Powering Through Failure: How to Push Your Business or Nonprofit Past ‘No’
By Kyle J. Smith, founder of Determination, Incorporated
In the first half of 2018, I left my full-time job to start a business support group for formerly incarcerated people called Be the Boss, which is part of Determination Incorporated, a KC-based nonprofit that creates a pathway of opportunity for formerly incarcerated people through entrepreneurship.
In my time in Kansas City's entrepreneur community, I've learned you'll face your share of setbacks. Being told "no" or not being awarded funding can feel like a real punch to the gut. It’s okay to let it sting for a bit. (It is a bummer.) And after that initial hurt wears away, keep pushing forward because it’s what you do next that really matters.
Even the most successful people have had their fair share of losses. At the end of the day, there are only two ways to learn anything: the hard way and the easy way.
I think it’s safe to say that not making it to the next round of a local business plan competition is a relatively easy way to learn something. As the founder of a new nonprofit, getting told “no” is something I’m constantly working around, through and with.
Each time the universe gives me a brick wall, I take a moment to shake it off; then, I take a while (alone or with trusted a mentor) to run a little assessment that goes something like this ...
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Do I need to make any adjustments to my why-when-where-who-what-how thesis?
What is this thesis framework? It’s a little exercise to understand what your business looks like and where it’s headed. Here’s the gist:
● Why are you starting this business? What is your personal mission statement? What do you hope to achieve?
● When: Why is this the right moment in time to manifest your idea?
● Where: Why is this the right place to manifest your idea?
● Who: Whom do you hope to serve?
● What: What will you do to achieve your “why” by serving your “who”? (aka what do you sell?)
● How: How will you serve your “who” to give you an edge over your competition?
My guess is for most people, losing a business plan competition is a great opportunity to investigate your “what.” With many entrepreneurs, our “why” is rock solid, and our “how” comes naturally. But our “what” can be a little off or may not (yet) compel investors.
Here’s one question you can use to investigate your “what”:
How can I better explain the results I’m aiming for, instead of what I want to do?
At the end of the day, investors pay for results. They don’t pay for activities; they pay for outcomes. A restaurant doesn’t just make the most delicious sandwich ever; it sells hundreds of sandwiches a day. A maintenance worker doesn’t just do the best work on the block; she serves as many clients per week in the most efficient way possible. And an author doesn’t write the most beautiful story imaginable; he sells a ton of books.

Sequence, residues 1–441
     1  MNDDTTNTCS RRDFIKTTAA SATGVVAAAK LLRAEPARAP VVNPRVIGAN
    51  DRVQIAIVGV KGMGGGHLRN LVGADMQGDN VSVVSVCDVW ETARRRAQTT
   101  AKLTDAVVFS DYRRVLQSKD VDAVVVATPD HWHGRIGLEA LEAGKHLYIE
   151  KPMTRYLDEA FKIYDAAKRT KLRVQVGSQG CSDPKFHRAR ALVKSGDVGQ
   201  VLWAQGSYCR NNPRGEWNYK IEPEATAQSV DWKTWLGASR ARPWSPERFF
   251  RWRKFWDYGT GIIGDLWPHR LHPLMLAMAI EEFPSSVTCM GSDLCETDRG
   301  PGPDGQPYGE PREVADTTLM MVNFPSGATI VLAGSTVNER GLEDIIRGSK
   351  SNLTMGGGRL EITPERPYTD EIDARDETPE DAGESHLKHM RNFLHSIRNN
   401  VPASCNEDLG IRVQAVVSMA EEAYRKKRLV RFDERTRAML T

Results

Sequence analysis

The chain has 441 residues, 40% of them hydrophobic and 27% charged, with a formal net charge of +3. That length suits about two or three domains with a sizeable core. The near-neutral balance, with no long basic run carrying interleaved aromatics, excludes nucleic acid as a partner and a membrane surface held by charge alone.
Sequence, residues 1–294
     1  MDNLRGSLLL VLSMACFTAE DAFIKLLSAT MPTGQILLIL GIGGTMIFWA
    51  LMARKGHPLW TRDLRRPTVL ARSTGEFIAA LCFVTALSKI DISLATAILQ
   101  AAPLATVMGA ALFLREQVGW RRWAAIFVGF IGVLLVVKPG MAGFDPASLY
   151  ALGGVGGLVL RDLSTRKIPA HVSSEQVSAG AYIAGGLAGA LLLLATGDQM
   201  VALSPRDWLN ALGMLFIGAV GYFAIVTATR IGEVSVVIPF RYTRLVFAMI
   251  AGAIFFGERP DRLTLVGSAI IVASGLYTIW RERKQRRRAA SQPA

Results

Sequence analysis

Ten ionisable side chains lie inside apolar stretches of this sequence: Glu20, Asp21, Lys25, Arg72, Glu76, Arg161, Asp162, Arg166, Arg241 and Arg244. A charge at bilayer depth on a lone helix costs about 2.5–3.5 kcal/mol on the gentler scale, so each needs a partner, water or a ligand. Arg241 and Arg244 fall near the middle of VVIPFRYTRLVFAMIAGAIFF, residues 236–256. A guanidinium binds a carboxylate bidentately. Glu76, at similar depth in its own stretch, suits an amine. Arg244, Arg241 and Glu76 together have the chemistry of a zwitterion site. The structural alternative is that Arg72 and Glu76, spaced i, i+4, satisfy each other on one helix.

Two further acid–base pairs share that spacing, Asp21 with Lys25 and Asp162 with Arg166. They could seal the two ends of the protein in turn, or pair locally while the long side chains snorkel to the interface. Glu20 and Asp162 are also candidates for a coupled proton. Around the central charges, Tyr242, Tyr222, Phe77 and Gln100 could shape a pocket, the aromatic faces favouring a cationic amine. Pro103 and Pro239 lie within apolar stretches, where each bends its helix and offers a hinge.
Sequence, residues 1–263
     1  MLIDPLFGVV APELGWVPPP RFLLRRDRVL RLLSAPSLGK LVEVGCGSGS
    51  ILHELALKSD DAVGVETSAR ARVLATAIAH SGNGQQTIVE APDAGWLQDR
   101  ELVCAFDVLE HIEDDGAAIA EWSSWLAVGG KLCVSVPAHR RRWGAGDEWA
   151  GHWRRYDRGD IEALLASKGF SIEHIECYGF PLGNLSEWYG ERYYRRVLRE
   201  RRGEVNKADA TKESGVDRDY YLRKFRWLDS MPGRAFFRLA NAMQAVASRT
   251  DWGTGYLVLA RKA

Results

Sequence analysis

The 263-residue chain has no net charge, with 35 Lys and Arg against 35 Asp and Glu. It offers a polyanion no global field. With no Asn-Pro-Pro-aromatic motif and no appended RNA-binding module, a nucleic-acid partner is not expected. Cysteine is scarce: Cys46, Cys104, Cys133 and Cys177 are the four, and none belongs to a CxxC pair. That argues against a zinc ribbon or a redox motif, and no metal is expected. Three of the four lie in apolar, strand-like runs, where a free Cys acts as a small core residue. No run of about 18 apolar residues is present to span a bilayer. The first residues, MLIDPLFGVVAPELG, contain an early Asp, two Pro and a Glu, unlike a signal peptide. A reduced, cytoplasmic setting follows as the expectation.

I am acutely aware it’s difficult to promise results when you’re starting something from scratch. (Try starting a service-based nonprofit.) But we can at least know what type of results we’re aiming for, then conduct little experiments to validate our ideas. Which leads us to ...
Do I need to rightsize my idea/plan?
So you just lost a business plan competition: Did the universe just give you a signal that your lofty dream is too big? Or do you need to keep trying?
Only time (and hard work) will tell. But do take this moment to consider if what you’re saying you want to build is appropriate and feasible, considering the circumstances.
Many early-stage entrepreneurs might need to look long and hard at the mirror and realize what they thought was a viable small business (something they could create and sell later), may actually be better suited in the context of self employment (consultant-based) or a microenterprise (a hobby that generates revenue).
One model isn’t better or worse than another. But it is important to understand the difference between all of these goals so we can answer the question ...
What are my next three steps, and what do I need to learn?
Entrepreneurship is not just about being your own boss. It’s a way to learn and to navigate the world. Entrepreneurs learn by doing and rely heavily on the network they build.
Take advantage of all the free resources Kansas City has to offer to start and grow your business. And keep showing up at places where you sense good energy and potential and get to know folks who you can learn from and have fun with.
And most importantly, keep going. There’s no one way to figure all this out.
Determination Incorporated is a new nonprofit that’s creating a pathway to opportunity for formerly incarcerated people through entrepreneurship. Learn more about the organization and its programs, like Be the Boss, at this link.
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